Recently, the Republican Party has been rallying around a new effort to potentially repeal provisions of the 14th amendment which automatically grant citizenship to those born in the U.S. Despite the media attention the GOP is generating, few reporters have reminded their audiences of one major procedural hurdle involved: getting two-thirds of Congress and three-fourths of the states to support an amendment to repeal part of the Constitution. Given the fact that it’s unlikely that such an amendment would get very far, it begs the question of why lawmakers like Sen. Lindsey Graham (R-SC), Sen. Jon Kyl (R-AZ), Sen. John McCain (R-AZ), and others, are proposing the Senate Judiciary Committee waste its time by organizing hearings on the topic. The truth is it likely boils down to two things: riling up their base before November’s midterm elections and creating a toxic environment to kill any chance of the DREAM Act passing if and when it is introduced this fall.
To begin with, the notion that pregnant women are crossing the border in herds simply to have a U.S. born “anchor baby” is simply mistaken. While it has certainly been known to happen, it is by no means the norm. Even immigration restrictionist Mark Krikorian of the Center for Immigration Studies points out, “there’s no evidence suggesting that this ‘drop and leave’ stuff is true…. My own sense is that most illegal alien women who have kids here…didn’t come for that purpose; they came for jobs or to join relatives, and one thing led to another, birds-and-bees style, and they had kids.” Denying citizenship to those who are born to undocumented immigrant parents would only compound the problem of illegal immigration by ballooning the number of those in the country without documents.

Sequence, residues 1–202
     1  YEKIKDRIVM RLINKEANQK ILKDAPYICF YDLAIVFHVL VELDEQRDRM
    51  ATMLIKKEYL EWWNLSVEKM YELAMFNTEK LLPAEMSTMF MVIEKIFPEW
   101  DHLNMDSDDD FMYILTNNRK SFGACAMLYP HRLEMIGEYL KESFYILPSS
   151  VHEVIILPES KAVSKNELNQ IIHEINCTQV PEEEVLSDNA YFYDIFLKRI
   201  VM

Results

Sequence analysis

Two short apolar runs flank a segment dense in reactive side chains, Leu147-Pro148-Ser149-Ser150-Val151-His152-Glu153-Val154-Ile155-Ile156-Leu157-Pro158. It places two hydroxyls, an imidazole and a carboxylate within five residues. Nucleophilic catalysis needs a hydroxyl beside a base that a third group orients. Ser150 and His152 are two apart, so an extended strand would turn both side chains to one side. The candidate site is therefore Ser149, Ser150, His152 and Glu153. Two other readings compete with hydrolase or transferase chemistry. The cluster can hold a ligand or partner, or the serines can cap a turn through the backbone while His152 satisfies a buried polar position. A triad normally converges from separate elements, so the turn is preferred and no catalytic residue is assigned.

However, the potential introduction of the Development, Relief and Education for Alien Minors Act, or DREAM Act as it is known, explains a lot. In July, Senate Majority Leader Harry Reid (D-NV) indicated that he would introduce the DREAM Act in the coming weeks if he feels he has the votes. Based on estimations, the DREAM Act would potentially put a little under a million undocumented youth who were brought here at a young age by their parents and meet certain requirements on a path to legalization. The usual right-wing anti-immigrant talking points simply don’t hold up as well when talking about the DREAM Act. It’s much more difficult to argue that “DREAMers” are lawbreakers who are being rewarded for coming here illegally to take jobs from U.S. citizens when they were brought to the U.S. by their parents and, through no fault of their own, invested in by the U.S. education system and raised as Americans. Perhaps in response, the Republican Party is shifting the conversation to focus on the definition of citizenship itself. As they move the debate farther to the right to argue that the U.S.-born children of undocumented immigrants shouldn’t be citizens, it will tighten the space Democrats have to make the case for legalizing the undocumented children of undocumented immigrants.
Meanwhile, the Republican Party stands to rack up cheap political points with its base. Graham, McCain, and Kyl have all been accused by the right of being soft on immigration. Taking such an extreme position allows moderates like them to prove that they’re willing to back up their radical anti-immigrant base rather than working with Democrats to solve the problem. And in the unlikely chance that they succeed, it would also conveniently mean more undocumented immigrants who would probably vote for Democrats, but can’t. Yet, what the senators are probably overlooking is that all those “anchor babies” already are or probably will become voters who will remind their children and their grandchildren of the party who tried to take that right away.